My second proposal is designed to prevent an unscrupulous landlord from issuing bills up to the annual limit each year, which, when compounded, could also become unreasonable. I propose a further maximum charge over any such five-year period, which would also he fixed by regulation.

My third proposal seeks to give leaseholders more powers in the decision-making process, as a means of reducing maintenance charges. It would give a leaseholder the right to obtain his own survey to determine what work was required, followed by the right to obtain his own tenders for that work, combined with longer statutory notice periods and tighter regulations on consultation. The landlord would be obliged to take the leaseholder's survey and tenders into account, and would have to show good reason for not accepting the lowest tender price for the least work deemed necessary.

My fourth and final proposal is to define more clearly what works a freeholder can insist must be done—those that are mandatory on the leaseholder, as opposed to those that would be optional and might be accepted or rejected by the leaseholder. A local authority or housing association would be unable to force the leaseholder to contribute to works in the latter category.

Such a distinction might appear difficult to make, but closer examination convinces me that it would be relatively easy to list most works in one of two categories. For example, the exterior painting of a block or the repair of a leaking roof would fall into the mandatory category, while double glazing or a purely cosmetic improvement scheme would not.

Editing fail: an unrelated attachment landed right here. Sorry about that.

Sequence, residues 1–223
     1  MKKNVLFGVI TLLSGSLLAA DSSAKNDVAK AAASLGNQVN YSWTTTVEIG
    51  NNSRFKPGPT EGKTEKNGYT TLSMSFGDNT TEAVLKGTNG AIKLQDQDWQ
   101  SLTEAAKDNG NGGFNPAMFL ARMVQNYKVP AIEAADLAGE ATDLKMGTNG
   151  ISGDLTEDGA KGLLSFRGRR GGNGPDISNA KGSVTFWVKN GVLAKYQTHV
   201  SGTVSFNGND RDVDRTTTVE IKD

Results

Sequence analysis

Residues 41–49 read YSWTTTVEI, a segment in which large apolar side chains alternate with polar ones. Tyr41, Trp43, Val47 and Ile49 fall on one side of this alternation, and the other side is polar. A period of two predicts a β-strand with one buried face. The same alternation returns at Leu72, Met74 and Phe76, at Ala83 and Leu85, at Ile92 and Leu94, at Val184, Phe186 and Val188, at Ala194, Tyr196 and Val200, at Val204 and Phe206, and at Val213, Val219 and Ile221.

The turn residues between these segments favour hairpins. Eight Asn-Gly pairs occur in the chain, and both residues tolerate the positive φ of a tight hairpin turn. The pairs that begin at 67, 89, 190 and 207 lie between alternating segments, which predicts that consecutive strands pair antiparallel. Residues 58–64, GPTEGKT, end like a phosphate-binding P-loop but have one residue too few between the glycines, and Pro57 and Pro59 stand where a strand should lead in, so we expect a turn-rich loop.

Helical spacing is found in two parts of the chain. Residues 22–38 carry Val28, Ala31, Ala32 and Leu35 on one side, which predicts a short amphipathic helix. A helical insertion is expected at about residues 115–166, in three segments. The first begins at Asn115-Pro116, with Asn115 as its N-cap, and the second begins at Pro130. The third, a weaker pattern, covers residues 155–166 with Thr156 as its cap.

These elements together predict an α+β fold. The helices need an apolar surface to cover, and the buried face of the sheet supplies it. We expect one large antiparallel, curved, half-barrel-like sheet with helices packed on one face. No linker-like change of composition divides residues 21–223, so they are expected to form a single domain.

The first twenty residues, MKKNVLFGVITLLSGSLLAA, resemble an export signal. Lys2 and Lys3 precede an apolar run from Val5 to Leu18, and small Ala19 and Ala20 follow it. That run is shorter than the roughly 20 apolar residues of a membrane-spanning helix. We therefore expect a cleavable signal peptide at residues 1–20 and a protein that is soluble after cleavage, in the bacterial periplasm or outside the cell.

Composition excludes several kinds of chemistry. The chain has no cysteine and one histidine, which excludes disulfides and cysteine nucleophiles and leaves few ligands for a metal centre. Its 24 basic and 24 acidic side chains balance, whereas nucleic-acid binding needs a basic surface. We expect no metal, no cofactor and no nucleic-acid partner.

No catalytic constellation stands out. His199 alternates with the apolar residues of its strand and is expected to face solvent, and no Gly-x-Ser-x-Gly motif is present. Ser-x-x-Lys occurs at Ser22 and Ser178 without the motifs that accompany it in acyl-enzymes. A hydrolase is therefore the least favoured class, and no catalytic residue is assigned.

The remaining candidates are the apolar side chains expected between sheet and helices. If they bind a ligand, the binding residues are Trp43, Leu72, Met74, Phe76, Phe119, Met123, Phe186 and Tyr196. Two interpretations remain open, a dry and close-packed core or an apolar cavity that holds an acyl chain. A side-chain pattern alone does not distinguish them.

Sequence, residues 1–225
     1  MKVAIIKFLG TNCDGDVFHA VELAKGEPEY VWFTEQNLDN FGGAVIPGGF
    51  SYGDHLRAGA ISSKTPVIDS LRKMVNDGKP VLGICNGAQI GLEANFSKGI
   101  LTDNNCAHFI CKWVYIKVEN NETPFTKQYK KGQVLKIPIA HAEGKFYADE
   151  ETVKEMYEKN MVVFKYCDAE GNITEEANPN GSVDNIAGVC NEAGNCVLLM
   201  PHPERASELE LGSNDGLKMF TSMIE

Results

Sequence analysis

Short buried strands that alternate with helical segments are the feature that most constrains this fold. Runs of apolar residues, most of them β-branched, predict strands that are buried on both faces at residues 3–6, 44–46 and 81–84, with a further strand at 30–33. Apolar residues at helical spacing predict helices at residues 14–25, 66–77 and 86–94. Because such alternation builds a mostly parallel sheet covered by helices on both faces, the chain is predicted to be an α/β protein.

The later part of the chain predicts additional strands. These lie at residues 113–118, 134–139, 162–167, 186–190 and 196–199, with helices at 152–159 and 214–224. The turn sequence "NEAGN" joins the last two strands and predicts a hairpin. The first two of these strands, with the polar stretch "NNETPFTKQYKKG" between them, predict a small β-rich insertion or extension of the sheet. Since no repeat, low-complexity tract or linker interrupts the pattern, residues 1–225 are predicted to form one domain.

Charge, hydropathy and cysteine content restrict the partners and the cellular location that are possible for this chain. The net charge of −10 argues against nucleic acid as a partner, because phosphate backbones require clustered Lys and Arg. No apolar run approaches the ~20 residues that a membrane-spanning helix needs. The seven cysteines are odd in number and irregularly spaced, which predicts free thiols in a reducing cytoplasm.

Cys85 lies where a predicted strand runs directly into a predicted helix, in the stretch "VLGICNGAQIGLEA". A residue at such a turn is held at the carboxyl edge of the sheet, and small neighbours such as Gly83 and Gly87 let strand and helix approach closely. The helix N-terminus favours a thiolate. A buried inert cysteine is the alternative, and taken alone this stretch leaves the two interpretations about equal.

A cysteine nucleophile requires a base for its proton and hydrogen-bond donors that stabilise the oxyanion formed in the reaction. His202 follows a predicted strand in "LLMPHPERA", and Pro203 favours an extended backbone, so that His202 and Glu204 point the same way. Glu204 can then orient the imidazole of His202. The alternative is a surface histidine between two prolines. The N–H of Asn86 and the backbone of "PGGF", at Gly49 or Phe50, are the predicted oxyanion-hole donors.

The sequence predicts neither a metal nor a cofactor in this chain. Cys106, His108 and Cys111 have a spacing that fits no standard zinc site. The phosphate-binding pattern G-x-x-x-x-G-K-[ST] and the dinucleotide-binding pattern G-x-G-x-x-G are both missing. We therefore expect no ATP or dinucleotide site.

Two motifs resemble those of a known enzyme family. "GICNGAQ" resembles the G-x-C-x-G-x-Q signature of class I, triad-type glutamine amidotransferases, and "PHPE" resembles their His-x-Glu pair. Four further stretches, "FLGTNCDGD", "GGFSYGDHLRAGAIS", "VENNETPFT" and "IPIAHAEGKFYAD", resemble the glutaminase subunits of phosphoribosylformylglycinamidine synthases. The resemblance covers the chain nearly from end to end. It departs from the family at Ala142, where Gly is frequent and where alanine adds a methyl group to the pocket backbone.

That "exemption clause" would immediately protect many leaseholders against expensive projects in which they do not wish to participate. On the other hand, they could opt in if they wished: it might well be in their interest to do so, so that they could benefit from the economies of scale that might be available.

Together, these measures would give extensive new protection to leaseholders without freeing them from the necessary obligations that leasehold—as opposed to freehold—brings. They would also help to achieve a better balance of power between leaseholders and public-sector freeholders.

At present, the problem is one of imbalance. Public sector freeholders are mighty organisations with huge financial muscle; they appear less amenable to leaseholder pressure than the average private sector freeholder, normally a small organisation that depends on leaseholder good will for ease of running. There have even been suggestions that some local authority housing departments or housing associations have a hidden agenda to force out leaseholders as part of a design to return properties to tenancy only. One housing official said that to me in so many words.

My scheme is deliberately designed to have no adverse public expenditure consequences. Indeed, it is preferable to some existing suggestions that would have such consequences. The leaseholder consent provisions would force landlords to cut the more ambitious modernisation projects to acceptable levels; long-term renovation would have to be staged over a number of years, rather than pushed through in one go. Public sector freeholders would have to behave like freehold home owners in the maintenance of their property, taking one step at a time as finance allowed.

In the very few remaining cases in which that was simply not possible—for example, urgent works to ensure structural safety—it might, rarely, be necessary for the freeholder to draw on other funds. That small amount—in comparison with the total held—would have to come from efficiency savings. There is some potential there, as my Bill would also prevent any extra costs resulting from the Bill from being imposed on tenants.

Question put and agreed to.

Bill ordered to be brought in by Mr. Piers Merchant.